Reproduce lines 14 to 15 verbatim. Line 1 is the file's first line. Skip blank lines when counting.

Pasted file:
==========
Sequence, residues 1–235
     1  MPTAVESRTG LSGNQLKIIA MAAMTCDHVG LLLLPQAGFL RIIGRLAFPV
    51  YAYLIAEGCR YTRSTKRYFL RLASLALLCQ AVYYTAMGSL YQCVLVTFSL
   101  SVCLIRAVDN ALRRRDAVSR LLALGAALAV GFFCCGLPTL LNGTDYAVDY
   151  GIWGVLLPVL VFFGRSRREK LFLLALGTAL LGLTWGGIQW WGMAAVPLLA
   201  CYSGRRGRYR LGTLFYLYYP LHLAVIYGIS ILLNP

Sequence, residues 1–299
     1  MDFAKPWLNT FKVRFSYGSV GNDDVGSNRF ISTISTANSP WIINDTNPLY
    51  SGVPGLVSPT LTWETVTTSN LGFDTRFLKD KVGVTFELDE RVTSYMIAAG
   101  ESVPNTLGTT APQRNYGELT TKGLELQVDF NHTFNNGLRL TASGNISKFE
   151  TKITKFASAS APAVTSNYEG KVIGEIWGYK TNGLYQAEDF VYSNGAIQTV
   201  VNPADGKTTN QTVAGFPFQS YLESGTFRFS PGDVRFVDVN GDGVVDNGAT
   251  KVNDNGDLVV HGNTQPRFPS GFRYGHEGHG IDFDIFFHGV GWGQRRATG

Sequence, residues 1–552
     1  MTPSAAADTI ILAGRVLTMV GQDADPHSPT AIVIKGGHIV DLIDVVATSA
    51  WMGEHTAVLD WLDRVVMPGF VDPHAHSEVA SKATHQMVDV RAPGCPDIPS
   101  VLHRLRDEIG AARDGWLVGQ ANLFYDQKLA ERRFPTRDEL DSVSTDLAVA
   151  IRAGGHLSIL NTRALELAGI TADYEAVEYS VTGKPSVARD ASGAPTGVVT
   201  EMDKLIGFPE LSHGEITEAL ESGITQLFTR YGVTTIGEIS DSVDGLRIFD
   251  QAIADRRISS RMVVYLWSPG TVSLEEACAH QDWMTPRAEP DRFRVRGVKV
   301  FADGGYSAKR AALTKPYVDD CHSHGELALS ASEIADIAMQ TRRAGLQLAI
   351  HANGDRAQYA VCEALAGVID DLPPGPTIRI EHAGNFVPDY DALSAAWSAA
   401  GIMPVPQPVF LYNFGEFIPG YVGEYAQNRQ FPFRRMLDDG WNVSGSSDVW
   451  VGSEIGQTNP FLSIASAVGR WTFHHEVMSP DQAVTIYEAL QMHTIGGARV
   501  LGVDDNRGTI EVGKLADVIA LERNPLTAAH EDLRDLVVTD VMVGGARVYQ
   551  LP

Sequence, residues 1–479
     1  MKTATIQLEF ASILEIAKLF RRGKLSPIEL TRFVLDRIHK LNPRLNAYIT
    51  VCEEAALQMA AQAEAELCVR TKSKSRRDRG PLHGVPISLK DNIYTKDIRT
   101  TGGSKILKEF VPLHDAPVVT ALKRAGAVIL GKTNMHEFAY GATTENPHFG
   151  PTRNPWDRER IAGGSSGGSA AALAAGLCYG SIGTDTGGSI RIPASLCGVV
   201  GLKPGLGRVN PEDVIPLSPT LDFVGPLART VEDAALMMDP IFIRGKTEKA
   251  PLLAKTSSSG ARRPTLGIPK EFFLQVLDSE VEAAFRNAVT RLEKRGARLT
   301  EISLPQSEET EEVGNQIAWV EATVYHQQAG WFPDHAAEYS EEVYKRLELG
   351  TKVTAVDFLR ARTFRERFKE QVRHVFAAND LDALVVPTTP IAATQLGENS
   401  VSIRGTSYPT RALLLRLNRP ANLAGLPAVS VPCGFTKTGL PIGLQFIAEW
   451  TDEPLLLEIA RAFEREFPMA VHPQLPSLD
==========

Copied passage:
Sequence, residues 1–552
     1  MTPSAAADTI ILAGRVLTMV GQDADPHSPT AIVIKGGHIV DLIDVVATSA